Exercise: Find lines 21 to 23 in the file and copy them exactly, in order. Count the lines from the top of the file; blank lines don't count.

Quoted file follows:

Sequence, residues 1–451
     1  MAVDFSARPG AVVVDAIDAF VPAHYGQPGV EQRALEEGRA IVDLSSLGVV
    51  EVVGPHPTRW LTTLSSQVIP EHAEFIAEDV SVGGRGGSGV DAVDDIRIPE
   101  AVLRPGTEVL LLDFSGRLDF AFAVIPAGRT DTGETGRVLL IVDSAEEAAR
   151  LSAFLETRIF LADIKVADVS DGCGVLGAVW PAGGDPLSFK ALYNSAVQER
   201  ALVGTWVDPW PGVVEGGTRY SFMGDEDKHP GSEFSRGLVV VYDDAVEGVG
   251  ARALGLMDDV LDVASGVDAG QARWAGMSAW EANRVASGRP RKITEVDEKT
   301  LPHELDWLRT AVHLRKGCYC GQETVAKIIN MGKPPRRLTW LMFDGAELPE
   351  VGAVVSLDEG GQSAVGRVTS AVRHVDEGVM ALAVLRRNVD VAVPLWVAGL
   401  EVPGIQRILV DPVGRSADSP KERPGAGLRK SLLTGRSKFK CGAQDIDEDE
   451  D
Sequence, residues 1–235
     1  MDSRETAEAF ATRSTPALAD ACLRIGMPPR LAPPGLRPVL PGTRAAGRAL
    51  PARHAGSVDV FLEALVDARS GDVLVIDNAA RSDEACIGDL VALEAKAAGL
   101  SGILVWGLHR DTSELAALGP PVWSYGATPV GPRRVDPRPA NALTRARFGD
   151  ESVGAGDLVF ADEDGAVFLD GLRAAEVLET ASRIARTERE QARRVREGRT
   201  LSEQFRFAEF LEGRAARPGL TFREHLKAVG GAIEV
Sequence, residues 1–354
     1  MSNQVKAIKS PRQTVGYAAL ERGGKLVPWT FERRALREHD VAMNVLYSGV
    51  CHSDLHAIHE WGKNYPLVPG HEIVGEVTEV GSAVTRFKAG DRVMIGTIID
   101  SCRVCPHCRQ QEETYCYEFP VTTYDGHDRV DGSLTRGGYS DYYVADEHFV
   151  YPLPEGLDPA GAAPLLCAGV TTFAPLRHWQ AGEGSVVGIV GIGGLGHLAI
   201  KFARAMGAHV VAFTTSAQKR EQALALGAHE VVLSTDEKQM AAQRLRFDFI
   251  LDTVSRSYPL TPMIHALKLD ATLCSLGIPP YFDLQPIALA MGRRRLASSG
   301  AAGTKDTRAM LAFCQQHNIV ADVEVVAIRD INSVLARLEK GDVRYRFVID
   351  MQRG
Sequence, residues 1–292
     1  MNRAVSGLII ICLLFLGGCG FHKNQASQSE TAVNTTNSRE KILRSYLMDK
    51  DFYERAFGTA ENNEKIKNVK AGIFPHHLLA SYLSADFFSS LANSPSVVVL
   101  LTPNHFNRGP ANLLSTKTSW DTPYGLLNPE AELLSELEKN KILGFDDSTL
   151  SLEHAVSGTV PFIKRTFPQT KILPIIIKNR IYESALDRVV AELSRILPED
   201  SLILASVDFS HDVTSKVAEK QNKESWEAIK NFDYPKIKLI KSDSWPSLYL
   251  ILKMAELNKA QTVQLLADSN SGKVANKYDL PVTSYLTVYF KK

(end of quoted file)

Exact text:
   101  SCRVCPHCRQ QEETYCYEFP VTTYDGHDRV DGSLTRGGYS DYYVADEHFV
   151  YPLPEGLDPA GAAPLLCAGV TTFAPLRHWQ AGEGSVVGIV GIGGLGHLAI
   201  KFARAMGAHV VAFTTSAQKR EQALALGAHE VVLSTDEKQM AAQRLRFDFI